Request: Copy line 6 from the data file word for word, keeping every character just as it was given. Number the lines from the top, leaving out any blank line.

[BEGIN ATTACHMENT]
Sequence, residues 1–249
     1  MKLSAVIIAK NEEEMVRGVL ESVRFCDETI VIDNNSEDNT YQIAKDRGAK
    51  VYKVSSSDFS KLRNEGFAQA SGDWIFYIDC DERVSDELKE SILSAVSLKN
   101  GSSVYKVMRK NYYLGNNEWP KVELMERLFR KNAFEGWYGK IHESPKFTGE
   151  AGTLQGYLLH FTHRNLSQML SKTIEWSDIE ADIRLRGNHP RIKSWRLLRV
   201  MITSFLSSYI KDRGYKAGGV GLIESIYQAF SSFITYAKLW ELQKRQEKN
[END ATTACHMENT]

   201  MITSFLSSYI KDRGYKAGGV GLIESIYQAF SSFITYAKLW ELQKRQEKN